this is so that doing things like heating the conduit, or glue, will not adversely affect the wires.

I say you tear all the wires out of the conduit, buy new and do it right.

next time, do your research before you do your work.
 
  #17  
Old 10-29-07, 09:46 PM
Member
Join Date: Oct 2007
Location: Delray Beach, FL
Posts: 406
Received 0 Votes on 0 Posts
Yes, the conduit run should be complete before installing conductors but what is done is done.
A couple of drops of glue are not going to melt the insulation off the wire so don't get too wound up.
Can you pull the wire back a couple of feet before you install the balance of the conduit?
Trying to slide conduit on and then get it into a fixed panel can be quite difficult especially when coming into a hub on the top of a panel.
Are you using a hub of some sort to prevent the entry of water into the panel?
 
  #18  
Old 10-30-07, 08:08 AM
Member
Join Date: Jun 2006
Location: usa
Posts: 274
Received 0 Votes on 0 Posts
Just to clarify my first post...

I missed the OP saying that the wire was already in the conduit.

So....you're not supposed to heat (or glue) conduit with the conductors already installed.

I'm not recommending that you do.

steve
 
  #19  
Old 10-31-07, 09:56 AM
Member
Thread Starter
Join Date: Sep 2007
Posts: 35
Received 0 Votes on 0 Posts
Originally Posted by dezwit View Post
Yes, the conduit run should be complete before installing conductors but what is done is done.
A couple of drops of glue are not going to melt the insulation off the wire so don't get too wound up.
Can you pull the wire back a couple of feet before you install the balance of the conduit?
Trying to slide conduit on and then get it into a fixed panel can be quite difficult especially when coming into a hub on the top of a panel.
Are you using a hub of some sort to prevent the entry of water into the panel?
I have decided to change the last 15 feet of conduit so I will have a straight and direct entry into the top of my main panel. I pulled my couductors out from a LB that is upstream from this area. No heat, glue or saws will be near the conductors.
I plan on using a conduit piece called an "expanison fitting" to get a tight fit on the panel. This is an expensive piece that adjusts out six inches or so and takes up the slack while trying to install rigid conduit onto a fixed panel.
Dez, I am not sure what you mean by hub. The exterior of the panel is on an outside wall. It houses the meter socket and driptight door for the breakers.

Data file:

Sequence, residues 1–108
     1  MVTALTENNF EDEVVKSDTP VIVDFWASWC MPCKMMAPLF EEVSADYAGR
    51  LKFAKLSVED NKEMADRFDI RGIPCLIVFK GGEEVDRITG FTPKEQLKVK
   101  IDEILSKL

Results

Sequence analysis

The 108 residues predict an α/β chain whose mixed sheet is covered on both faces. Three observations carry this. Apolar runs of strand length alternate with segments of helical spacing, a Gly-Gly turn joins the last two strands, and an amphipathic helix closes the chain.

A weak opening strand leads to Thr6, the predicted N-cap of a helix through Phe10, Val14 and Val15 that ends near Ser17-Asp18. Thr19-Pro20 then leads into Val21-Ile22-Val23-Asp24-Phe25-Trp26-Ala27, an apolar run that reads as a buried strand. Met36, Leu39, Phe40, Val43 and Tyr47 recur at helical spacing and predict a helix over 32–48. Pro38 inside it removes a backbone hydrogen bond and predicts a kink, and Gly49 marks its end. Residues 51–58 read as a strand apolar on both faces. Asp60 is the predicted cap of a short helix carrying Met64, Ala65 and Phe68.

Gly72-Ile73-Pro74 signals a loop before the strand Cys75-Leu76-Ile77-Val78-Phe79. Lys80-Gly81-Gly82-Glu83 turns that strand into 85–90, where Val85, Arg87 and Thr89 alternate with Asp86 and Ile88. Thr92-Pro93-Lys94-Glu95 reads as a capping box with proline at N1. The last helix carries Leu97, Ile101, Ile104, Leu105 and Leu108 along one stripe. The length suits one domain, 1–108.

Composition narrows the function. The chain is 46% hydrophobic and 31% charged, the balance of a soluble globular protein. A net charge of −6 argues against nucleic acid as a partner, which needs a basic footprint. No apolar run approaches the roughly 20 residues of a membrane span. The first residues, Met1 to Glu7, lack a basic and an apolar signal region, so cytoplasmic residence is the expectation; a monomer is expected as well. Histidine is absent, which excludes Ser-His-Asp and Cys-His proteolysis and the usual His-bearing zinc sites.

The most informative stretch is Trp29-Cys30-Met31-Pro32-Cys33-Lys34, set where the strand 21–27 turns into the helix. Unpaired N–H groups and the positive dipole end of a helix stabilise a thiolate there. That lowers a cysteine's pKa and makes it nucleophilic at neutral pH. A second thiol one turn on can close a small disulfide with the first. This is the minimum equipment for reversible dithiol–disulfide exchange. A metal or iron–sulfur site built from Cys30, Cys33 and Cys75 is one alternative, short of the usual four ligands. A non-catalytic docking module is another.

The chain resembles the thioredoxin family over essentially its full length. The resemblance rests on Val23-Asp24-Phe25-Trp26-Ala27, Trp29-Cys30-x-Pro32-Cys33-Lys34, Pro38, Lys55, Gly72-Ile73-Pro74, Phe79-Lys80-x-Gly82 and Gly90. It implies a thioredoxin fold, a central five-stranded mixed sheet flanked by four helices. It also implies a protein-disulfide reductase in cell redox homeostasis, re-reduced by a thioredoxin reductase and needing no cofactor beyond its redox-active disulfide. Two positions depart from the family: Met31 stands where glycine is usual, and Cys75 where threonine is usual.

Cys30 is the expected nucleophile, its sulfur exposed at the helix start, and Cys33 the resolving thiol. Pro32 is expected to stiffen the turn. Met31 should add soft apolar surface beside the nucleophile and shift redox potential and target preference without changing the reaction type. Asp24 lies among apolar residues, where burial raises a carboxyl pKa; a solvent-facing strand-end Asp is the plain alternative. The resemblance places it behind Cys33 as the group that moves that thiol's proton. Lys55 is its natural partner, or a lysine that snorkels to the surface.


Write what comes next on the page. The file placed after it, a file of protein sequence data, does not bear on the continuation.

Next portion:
The back of the panel is on the inside wall and this is where the conduit enters.
 
  #20  
Old 10-31-07, 05:05 PM
Member
Join Date: Oct 2007
Location: Delray Beach, FL
Posts: 406
Received 0 Votes on 0 Posts
I don't see any reason why you can't use the expansion fitting for what you are doing, but it's real purpose is to allow for expansion and contraction of the PVC depending on the ambient temperature of the air.
In a hot environment, PVC will expand to the point that it will rip the straps holding it right out of the wall.
In the cold weather it can contract to the point that it will break the connector where it goes into a meter, box, etc.
When installing it, you pull it apart until you see the line marked on it and that is the size that you fit your pipe to.
If temp is not a problem, don't use the fitting.
If you go ahead and use it, make sure that the female side is facing down to prevent any water from entering and running down into the panel.
The hub I was talking about is a threaded fitting that you use for entry into the top of your panel.
Do you have a round hole in the top of the panel with 4 screw holes around it?
If so, you need to purchase the proper hub to fit the panel.
This is how you keep water from entering the panel.
 
Reply

Posting Rules
You may not post new threads
You may not post replies
You may not post attachments
You may not edit your posts

BB code is On
Smilies are On
[IMG] code is On
HTML code is Off
Trackbacks are Off
Pingbacks are Off
Refbacks are Off


Thread Tools
Search this Thread
Display Modes
 
Ask a Question
Question Title:
Description:
Your question will be posted in: